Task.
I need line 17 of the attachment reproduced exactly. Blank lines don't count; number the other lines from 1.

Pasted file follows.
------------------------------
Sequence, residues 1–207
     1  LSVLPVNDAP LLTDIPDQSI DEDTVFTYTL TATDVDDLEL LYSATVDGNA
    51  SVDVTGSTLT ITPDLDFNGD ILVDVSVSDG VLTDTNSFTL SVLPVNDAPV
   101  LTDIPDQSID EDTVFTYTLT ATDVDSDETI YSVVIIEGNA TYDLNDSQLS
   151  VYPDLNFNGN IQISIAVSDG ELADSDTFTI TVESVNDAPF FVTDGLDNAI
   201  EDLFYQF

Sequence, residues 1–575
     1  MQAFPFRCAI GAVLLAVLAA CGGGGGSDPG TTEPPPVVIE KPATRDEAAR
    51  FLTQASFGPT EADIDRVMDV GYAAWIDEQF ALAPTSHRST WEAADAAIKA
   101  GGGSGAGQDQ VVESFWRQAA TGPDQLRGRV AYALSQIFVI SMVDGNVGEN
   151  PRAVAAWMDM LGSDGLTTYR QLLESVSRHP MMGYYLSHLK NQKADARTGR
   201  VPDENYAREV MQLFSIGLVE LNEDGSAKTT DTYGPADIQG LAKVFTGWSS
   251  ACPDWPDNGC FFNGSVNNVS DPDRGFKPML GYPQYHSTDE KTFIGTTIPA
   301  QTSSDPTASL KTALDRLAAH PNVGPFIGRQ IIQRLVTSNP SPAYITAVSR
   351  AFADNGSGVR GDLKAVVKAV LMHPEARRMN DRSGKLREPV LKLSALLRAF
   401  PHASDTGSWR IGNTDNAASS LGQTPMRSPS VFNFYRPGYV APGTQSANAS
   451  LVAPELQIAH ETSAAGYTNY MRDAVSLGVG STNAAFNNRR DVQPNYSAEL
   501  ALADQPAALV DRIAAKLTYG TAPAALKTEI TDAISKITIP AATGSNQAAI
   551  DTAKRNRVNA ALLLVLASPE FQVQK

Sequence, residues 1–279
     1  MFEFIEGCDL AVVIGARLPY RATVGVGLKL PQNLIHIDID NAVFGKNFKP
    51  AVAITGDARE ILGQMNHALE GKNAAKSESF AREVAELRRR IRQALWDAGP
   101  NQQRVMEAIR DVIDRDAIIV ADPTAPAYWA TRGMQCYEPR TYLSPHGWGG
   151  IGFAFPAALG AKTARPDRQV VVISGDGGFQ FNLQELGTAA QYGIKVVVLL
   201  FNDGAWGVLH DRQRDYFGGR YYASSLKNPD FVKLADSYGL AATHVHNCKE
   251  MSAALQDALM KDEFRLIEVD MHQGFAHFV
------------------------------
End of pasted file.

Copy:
   451  LVAPELQIAH ETSAAGYTNY MRDAVSLGVG STNAAFNNRR DVQPNYSAEL